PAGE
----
Technology Enhanced Teaching

Monday, February 17th, 2014

As of January 2nd, the GED® test is offered as a computer-based test (CBT) only. Following the lead of GED Testing Service® (GEDTS), content providers have been moving their instruction into the online environment. Many publishers have released online instructional systems to better prepare learners for the CBT.

Regardless of which product you choose to use in your program the question remains – can I use this product in my classroom?  My answer, yes. Just as you use a common text to guide the student you can use the online environment to assist your student.

Example:  I used an online system to help me teach comma usage. For those of you who don’t know me well enough to read my draft work you should know I am the comma splice king – just ask Erin O’Donnell of Thorn Hill Education Center.  I have no business teaching use of commas, and therefore using the videos and drills created in online lessons I was able to lead instruction for my students.

From the lesson students can then work in their individual accounts and get the benefits of online education. As the instructor I can walk the room and check on individual work, offer suggestions or be hands off.

This hybrid approach joins together traditional instruction with non-traditional materials, and benefits students not only in their studies but in their acquisition of technology skills as well. I think you will also find students engaged in a different way than in a traditional lecture format.

Give it a shot and let me know what you think!


TEAL: more than just a color

Thursday, December 12th, 2013


Technology Enhanced Active Learning Classrooms

Tables are allowing for small group discussions. Students are able to quickly share ideas either by projector, or wall mounted monitors, and the walls are whiteboard to further allow one to convey their thoughts.

A TEAL classroom combines Active Learning principles researched and used at MIT with Technology Enhancements. Combining the two has shown benefit to collaborative work, giving students a deeper understanding of presented materials. The TEAL space allows for group discussion, instant research, and a common space to share ideas.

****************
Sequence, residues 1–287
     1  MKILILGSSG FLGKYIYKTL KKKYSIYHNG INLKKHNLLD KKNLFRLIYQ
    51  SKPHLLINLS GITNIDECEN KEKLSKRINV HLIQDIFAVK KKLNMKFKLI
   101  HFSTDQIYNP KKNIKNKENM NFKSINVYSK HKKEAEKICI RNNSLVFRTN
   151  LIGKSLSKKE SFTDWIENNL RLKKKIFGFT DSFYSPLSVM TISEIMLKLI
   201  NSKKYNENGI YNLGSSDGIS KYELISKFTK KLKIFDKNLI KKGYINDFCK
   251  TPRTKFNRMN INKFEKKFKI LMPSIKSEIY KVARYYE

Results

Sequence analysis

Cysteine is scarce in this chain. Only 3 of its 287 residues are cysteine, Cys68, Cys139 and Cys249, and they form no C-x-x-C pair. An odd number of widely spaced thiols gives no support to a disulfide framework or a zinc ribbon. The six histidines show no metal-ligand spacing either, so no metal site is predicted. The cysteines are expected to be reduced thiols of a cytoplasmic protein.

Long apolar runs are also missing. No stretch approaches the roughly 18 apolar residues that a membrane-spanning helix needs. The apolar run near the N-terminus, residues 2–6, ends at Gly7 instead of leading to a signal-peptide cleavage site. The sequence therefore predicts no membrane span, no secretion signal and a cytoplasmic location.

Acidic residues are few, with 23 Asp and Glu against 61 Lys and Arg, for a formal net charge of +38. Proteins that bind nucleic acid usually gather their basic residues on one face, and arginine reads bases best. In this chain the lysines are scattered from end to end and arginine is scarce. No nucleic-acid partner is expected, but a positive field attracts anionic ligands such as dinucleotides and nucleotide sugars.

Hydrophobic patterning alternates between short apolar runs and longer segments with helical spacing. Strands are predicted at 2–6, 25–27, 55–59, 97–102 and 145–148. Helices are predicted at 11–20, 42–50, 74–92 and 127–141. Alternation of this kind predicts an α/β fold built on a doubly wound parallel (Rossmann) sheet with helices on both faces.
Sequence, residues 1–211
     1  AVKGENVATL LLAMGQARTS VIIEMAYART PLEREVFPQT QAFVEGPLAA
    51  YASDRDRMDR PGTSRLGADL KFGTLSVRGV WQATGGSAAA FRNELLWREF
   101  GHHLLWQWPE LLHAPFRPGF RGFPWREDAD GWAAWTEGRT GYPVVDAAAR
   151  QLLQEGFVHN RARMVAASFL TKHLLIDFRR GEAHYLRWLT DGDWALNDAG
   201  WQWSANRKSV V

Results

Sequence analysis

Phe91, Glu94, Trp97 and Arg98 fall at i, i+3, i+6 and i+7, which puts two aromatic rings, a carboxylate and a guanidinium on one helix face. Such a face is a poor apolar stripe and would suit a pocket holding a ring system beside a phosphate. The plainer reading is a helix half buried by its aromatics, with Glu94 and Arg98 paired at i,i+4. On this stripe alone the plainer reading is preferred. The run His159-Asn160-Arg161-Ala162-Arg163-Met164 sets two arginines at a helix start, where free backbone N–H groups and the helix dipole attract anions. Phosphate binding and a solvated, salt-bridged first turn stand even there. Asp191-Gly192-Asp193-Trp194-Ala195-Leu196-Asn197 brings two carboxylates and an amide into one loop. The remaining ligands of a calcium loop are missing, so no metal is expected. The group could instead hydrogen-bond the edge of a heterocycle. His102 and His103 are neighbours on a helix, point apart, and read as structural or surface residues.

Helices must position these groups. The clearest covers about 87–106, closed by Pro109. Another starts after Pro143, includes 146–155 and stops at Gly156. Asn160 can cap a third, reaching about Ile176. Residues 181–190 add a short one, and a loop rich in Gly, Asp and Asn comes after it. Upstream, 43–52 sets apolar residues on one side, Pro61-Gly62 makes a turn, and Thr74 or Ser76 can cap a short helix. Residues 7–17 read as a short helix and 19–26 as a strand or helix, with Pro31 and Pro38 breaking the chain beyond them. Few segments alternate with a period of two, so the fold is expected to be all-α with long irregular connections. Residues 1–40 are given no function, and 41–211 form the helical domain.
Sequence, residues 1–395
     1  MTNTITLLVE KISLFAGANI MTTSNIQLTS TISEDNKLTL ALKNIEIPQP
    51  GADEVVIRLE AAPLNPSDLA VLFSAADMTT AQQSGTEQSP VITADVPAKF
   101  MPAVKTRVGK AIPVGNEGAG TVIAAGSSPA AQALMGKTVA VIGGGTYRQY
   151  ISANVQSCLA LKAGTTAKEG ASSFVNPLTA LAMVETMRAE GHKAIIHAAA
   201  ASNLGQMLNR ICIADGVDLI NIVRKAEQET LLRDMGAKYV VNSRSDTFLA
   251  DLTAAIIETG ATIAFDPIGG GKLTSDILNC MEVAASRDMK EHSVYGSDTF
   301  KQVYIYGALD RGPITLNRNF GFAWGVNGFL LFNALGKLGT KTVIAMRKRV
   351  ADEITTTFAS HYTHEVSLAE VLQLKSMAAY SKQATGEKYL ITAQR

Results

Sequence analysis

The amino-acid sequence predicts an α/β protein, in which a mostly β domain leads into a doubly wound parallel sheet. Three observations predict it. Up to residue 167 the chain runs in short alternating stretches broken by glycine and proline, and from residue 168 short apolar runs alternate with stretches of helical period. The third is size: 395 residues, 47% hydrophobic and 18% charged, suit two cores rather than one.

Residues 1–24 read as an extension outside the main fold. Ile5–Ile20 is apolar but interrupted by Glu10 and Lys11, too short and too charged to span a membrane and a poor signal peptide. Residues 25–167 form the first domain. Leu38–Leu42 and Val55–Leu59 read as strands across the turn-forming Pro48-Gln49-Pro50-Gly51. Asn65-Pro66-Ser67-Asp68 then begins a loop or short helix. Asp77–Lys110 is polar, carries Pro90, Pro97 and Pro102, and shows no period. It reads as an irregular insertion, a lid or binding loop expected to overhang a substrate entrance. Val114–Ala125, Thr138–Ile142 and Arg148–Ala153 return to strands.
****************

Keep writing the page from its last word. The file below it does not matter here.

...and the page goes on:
TEAL space in an AE program could expand traditional learning spaces in three ways. First it allows demonstration space when working with small groups and one-on-one instruction. Second technology enabled areas are at the ready answer student questions. Third students can independently answer their questions (with technology or traditional media) and readily share the information with peers.

Having space at the ready to quickly share and explore insights make TEAL work space ideal to student centered instruction.

University of Kentucky’s William T. Young Library sports a “Learning Commons” that utilizes collaborative work principles to allow students to share ideas, in the video watch specifically from the beginning – 0:34, and 2:37 – end, and look at how students are learning together.

Here is the information from the TEAL Classroom presentation:

TEAL Classroom presentation, AAACE Conference 2013, Lexington, KY.

  • Marilyn Lockhart, Director for Faculty Excellence, MSU Bozeman

  • Lindsey Jackson, Graduate Research Assistant, MSU Bozeman

  • Handout

 Further reading resources from presentation:

Chromebooks for Your Program

Wednesday, September 18th, 2013

Have you heard of ChromeBooks? Basically it’s a laptop that lives on the web – you can go from zero to the web in 7 seconds.

A major drawback is that you can’t add software to the machine, meaning that some of the software I like to promote (namely Airserver and Doceri) are not usable on the device. That being said, your program can use the device with ANYTHING ON THE INTERNET.

“Why, Barry, what do you mean by anything on the internet?”

I mean those things that we use to collaborate with students you will be able to access with this machine - TABE Online, Google DriveITTSGED, PBS Learning Media, Targeted Math Instruction for the 2002 GED® Test, KYAE, KYVAEetcetera, etcetera, etcetera.

The Chromebook is essentially a Chrome Web Browser as the operating system of the laptop.  Check out this review from Time. Personally, I have my eyes on this one priced at $250.

Chromebooks also have an HDMI port that would allow one to present from the device. I don’t know how it would work with a wireless keyboard and mouse, but I hope to experiment soon. Even with the software issue, I think these would make great machines for students to use in your wireless program.

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